Dear Carolyn:

Help! Over the years I've come to realize that I am textbook passive-aggressive. I grumble under my breath when my boyfriend doesn't do the dishes on his dish night, I fantasize of telling my boss that his sweaty underwear drying in his office is NOT considered interior decorating, and I quietly roll my eyes during the two-hour calls from my best friend about her umpteenth breakup with her BF this month.

Grrr, I'm becoming bitter and that sucks. I know I'm not being fair to all these people by not letting them into my head (boss aside, eck!). But how do I do that? And how do I change my thinking?

Every time I think of what I want to say, it comes out so mean! Like, "We just saw a roach in the apartment, don't you think you should do the dishes?" Some of these lines have definitely flown out of my mouth before, which obviously hasn't gone over well and now just makes me more hesitant to speak up.

Quietly P'd Off

"Textbook passive-aggressive" is someone who avoids taking a direct stand and instead makes his point through inaction or procrastination.

Meaning, the real case study in your household might be your boyfriend, declaring his hostility to you and your "dish night" by leaving the plate-cleaning job to the bugs.

Your grumbling under your breath or simmering until you get mean is just textbook bad communication.

The remedy for which is to focus on what you feel as opposed to the effect you're afraid you might have. Tiptoeing around the consequences may make sense for a job -- presumably you do need to remain employed, even if disgustedly so -- but not for a relationship that's rooted in personal choice. If all it would take to put your relationship in jeopardy is to tell your boyfriend that it makes you angry when he ignores the dishes, then maybe that's a relationship that ought to come to an end.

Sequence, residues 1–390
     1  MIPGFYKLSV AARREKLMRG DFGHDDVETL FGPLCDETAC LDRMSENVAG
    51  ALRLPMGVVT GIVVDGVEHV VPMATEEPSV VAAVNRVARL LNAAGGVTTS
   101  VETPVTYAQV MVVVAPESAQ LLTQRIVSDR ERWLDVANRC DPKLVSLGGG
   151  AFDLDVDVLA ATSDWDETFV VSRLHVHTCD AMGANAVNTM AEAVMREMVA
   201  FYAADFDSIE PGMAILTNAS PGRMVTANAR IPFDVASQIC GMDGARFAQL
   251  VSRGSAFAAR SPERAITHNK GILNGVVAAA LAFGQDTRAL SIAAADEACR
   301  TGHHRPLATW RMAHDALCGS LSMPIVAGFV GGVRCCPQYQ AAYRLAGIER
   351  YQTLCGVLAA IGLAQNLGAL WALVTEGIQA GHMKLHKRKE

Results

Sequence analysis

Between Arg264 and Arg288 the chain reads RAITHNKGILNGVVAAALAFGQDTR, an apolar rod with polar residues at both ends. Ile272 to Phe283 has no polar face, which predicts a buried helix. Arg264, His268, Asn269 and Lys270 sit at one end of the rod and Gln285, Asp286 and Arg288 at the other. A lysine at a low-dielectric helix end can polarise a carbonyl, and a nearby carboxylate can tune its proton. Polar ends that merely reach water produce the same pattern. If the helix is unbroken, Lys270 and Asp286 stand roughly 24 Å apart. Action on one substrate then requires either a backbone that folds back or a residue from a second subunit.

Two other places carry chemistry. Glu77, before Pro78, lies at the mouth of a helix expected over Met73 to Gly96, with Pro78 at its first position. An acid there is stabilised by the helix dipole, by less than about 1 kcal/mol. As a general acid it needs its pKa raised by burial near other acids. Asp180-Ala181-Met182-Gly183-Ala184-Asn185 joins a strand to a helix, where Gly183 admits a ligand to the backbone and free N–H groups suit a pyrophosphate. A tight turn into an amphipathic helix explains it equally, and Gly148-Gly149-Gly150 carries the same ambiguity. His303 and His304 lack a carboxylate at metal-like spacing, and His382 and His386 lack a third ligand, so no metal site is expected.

You don't want to trample on anyone's feelings, either, for sure.

That's why you err on the side of kindness. Don't call people names or make fun of their noses, and, when in doubt, share feelings and not accusations.

But straining to withhold your own feelings is equally bad for your relationships -- and in an insidious way. By not revealing your frustration with your friend, for example, you grow distant from her without giving her a chance to remedy anything. Think how common it is for people to feel "blindsided" by criticisms or breakups.

You owe it to your intimates to let them know who it is they're living with, talking to, trusting with their dull and repetitive secrets. So share your feelings with them. It may take a while before you get a sense of how much is too much, but you have to expect that when you're correcting years of sharing too little.

Fortunately, good relationships are self-correcting; it's when your relationship sustains itself -- when you don't have to micromanage every word you say and every possible consequence, when you and your partner are happy with what you share and how much -- that you'll know you're in a romance or friendship for keeps. Until then, be patient. And brave.

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